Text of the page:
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The story of Miniature Eyes

Framed as an independent image, the eye portrait is an intensification of the look: its subject matter is the sitter's gaze, watching out for us.

What are miniature eye portraits?

Eye Miniatures” or “Lovers’ Eyes” were Georgian miniatures that depicted the eye of a loved one, a spouse or partner, a child or a beloved pet.

These miniatures were usually commissioned for sentimental reasons: love, romance, remembrance and mourning. As photographs were non existent in the late 1700s these paintings became an attempt to carry those you love close to you. The eye miniatures were usually worn on the wrist or close to the heart as it created a tactile connection between the owner’s body and the person depicted in the portrait - a special connection between subject and wearer.

The eyes, one of the oldest symbols known to men, were supposed to reflect a person’t most intimate thoughts and feelings. During Georgian times the eye miniatures became an attempt to capture “the window into the soul” of the beloved.

Eye Portraits served as intensely private objects that were recognizable and meaningful only to the intended recipient of the gift and remained obscure to all others.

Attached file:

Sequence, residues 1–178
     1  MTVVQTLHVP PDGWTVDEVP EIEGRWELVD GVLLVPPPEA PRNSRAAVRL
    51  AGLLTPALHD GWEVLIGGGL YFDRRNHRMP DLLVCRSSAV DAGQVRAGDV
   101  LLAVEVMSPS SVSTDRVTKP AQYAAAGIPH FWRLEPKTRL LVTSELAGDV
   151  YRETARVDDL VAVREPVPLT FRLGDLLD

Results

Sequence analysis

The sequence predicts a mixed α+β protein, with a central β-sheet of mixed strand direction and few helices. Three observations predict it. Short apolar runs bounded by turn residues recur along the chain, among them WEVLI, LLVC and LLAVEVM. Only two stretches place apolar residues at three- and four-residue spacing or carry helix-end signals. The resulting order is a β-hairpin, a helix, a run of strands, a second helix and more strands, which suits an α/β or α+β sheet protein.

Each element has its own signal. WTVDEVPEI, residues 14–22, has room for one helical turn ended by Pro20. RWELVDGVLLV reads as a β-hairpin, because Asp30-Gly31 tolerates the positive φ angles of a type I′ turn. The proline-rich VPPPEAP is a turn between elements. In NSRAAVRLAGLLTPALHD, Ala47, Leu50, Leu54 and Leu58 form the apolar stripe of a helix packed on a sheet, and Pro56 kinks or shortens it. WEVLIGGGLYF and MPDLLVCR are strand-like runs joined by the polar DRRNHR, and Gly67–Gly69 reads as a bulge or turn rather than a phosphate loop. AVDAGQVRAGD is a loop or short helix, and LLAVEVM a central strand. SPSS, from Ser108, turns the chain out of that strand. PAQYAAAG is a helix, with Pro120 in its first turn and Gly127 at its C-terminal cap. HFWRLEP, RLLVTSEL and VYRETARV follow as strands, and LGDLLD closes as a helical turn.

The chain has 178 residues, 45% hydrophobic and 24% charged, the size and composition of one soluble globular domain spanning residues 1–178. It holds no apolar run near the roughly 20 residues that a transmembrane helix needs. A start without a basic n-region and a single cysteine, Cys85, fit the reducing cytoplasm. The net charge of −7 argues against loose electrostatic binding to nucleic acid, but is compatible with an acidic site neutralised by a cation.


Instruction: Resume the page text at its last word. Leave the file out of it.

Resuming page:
The painted eye does not stand in for a loved one's face, rather it stands in for his or her gaze.

The story behind them

Historically, eye miniatures are believed to have originated with the Prince of Wales, Charles IV, that felt the need to sent Maria Fitzherbert a token of his love. The romance between a Protestant king and a catholic widow was frowned upon by the court, so the Prince asked the miniaturist to paint only the eye and therefore preserve anonymity and decorum. They eventually got married (even thought it was considered invalid) and it was known that George IV wore a lovers’ eye miniature of Maria’s eye under his lapel.

Even thought it is thought this event started the Miniature Eye trend, it is reported that in 1784 there were some French painters already doing these miniature portraits for the French aristrocracy.
The lack of any depiction or further details of the face of the subject serves to envelop the eye portrait with a great degree of anonymity. Gazing directly at the viewer the eye is quite an intimate piece for the wearer and therefore something very close to its heart.